I just finished up my images covering the cherry blossom bloom of 2013 in Washington DC. It was an intense few days of non-stop photographic action! I woke up 4 days last week at the 4am, shot till 7am, edited till 8:30am and worked the rest of the days. It took a lot but I think it was worth it.
Overall, I thought this year’s bloom was great. The cold stretch we had into March served to delay the bloom, but also I think make it more cohesive as most trees come to their peak near the same times. Last year, trees bloomed a bit more haphazardly, which made it difficult for me to say “THIS is peak bloom”.
While the blooms were really nice, unfortunately the rest of the landscape in Washington, D.C. left something to be desired, photographically. After the earthquake of 2011, the Washington Monument was pretty seriously damaged. In mid-March, contractors begun finally repairing the damage of that day, and started a brace-like scaffold that has built up significantly since then. While I’m all for the Monument getting repaired, I have a hard time understanding why they couldn’t wait ONE MORE MONTH. It has been nearly two years since the quake anyway.
It was hard not to include the Monument in my shots. For one, because I have an affinity for shooting it. I think it’s the most iconic symbol of the city — it’s dramatically set on a short hill with a nice eastern exposure for photography, it’s tall and made of pure marble. Because of it’s literal stature above the city, it also is hard to avoid when shooting on the Tidal Basin. The Jefferson Memorial just isn’t as dramatic a shape from far away as the Monument.
I rolled with the punches though. Perhaps, people will want to look back to when the Monument was under construction? Maybe a future project will include photoshopping it out (I cringe at the thought).
Regardless, I had a blast shooting those few days and think I came away with some decent and unique looks. I appreciate any and all comments, good or bad!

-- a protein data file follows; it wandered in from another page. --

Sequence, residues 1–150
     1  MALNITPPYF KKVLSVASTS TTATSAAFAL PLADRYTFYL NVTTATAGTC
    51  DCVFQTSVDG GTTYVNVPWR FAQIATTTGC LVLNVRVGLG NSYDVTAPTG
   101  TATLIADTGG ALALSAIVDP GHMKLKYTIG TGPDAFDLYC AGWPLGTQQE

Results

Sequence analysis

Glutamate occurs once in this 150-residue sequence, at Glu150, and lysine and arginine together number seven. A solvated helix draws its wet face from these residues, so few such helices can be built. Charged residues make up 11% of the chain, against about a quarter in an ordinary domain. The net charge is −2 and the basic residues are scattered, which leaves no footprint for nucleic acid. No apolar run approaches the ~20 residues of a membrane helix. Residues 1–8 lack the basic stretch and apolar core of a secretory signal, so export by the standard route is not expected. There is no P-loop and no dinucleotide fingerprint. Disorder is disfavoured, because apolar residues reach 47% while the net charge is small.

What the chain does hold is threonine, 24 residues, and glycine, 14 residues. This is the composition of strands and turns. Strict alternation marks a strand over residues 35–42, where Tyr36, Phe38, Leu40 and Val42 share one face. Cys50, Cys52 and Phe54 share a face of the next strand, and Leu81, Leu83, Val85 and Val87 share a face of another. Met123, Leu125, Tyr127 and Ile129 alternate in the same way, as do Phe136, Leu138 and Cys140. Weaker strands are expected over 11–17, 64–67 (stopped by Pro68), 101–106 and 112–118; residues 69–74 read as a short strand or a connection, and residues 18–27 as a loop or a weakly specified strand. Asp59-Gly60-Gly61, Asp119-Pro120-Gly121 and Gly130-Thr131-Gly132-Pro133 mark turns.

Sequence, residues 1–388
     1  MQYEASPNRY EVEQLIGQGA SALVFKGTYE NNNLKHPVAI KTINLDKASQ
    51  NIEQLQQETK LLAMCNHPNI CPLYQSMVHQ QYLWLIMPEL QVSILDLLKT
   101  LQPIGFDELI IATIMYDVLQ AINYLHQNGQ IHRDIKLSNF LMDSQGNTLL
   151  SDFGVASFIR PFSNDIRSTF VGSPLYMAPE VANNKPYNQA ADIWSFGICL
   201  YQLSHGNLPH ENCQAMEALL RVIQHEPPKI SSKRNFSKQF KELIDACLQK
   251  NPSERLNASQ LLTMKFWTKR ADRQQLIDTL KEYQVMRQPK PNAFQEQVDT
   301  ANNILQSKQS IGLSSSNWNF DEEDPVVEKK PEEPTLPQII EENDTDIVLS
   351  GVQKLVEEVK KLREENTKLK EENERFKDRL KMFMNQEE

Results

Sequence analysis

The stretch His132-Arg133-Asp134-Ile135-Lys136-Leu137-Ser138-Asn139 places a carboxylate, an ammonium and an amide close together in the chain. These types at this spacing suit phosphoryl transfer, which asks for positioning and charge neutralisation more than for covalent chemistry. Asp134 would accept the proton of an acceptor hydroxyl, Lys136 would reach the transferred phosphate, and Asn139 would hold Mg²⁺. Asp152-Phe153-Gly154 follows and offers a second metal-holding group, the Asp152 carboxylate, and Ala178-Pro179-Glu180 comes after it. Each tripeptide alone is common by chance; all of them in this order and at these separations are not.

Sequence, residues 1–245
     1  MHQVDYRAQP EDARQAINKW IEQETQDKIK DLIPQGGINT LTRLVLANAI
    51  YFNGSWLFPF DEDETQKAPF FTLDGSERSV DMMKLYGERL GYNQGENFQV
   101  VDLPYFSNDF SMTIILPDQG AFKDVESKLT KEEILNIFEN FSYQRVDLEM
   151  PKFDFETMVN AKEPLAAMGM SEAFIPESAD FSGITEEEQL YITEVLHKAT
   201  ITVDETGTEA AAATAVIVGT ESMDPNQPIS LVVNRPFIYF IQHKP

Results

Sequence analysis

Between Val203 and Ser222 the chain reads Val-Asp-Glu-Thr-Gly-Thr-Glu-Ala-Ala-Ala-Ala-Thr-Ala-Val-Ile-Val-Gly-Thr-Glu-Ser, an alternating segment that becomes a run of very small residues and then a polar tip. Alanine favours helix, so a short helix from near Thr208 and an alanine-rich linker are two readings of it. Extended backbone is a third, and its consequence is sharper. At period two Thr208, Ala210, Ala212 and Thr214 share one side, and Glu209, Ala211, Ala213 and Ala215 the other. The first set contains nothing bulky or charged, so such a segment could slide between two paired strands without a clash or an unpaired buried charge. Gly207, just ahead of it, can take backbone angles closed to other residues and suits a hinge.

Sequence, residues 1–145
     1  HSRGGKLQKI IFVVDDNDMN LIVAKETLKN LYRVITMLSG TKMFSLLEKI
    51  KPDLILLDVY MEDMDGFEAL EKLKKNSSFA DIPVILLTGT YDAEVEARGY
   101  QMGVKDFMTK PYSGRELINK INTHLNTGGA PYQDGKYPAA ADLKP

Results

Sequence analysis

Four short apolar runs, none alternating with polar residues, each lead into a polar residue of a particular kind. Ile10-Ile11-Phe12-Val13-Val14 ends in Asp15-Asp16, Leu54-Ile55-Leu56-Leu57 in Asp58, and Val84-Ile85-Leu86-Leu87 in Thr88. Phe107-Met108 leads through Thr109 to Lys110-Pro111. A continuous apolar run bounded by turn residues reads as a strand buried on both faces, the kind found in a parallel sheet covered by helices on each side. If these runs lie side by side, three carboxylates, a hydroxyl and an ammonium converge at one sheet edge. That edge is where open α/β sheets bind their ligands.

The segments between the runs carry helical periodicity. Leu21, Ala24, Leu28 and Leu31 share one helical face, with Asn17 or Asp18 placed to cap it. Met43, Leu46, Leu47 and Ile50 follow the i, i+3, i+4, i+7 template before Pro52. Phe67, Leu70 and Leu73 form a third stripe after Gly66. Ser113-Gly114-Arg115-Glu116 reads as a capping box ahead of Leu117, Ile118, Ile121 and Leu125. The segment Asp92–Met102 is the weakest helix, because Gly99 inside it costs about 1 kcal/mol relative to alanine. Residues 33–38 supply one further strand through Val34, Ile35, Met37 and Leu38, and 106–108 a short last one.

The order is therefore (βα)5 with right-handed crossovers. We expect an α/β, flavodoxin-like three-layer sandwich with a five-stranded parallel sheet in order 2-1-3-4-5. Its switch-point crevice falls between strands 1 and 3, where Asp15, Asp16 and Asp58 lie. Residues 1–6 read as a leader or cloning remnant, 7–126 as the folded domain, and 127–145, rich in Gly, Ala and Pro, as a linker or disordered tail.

This first one was April 9, when the blossoms first began to burst. You can see a few shy blossoms on the top of the frame. I used an extreme wide angle to create and accentuate the shapes — this sort of wide angle introduced some interesting distortion as well.
The next morning, April 10, I think the blossoms were at full peak. A gorgeous sunrise burst in front of me that morning. I love when there’s just a few high clouds: they catch the morning color so dramatically. I have been obsessed with ripples on water lately, and used a short shutter speed to snap up their texture, and the shape of the Canadian goose crooked up towards the sky:
I took a day off in between my blossom hunting, to try a spot I like in Virginia. More to come on that shot during my next post.
I had been planning my next image for some time. I really want to get a dramatic capture of the wilting away of the blossoms. It’s a time that not many people photograph since it’s sad, in a way. While I didn’t get the shot I really wanted, I came away with a decent representation.
As Friday came, clouds covered the city. An overnight thunderstorm stripped many of the blossoms of their charm. There were some trees that clung dearly to their remaining flowers as they shook in the wind. The blossoms collected at the edge of the Tidal Basin, and moved interestingly in circles and out of the frame. A beautiful but sad realization that it’s the future of every blossom — unless they can spring new life elsewhere:
This last shot was a bit experimental for me. I’m not an avid black and white photography type of guy, but the silhouettes of the scene compelled this look. The shaking trees contrasted nicely with the damp look of the sky:
So goes another year of cherry blossoms in Washington, D.C.! I hope you enjoyed these images. Please don’t leave the blog without leaving your thoughts as a comment.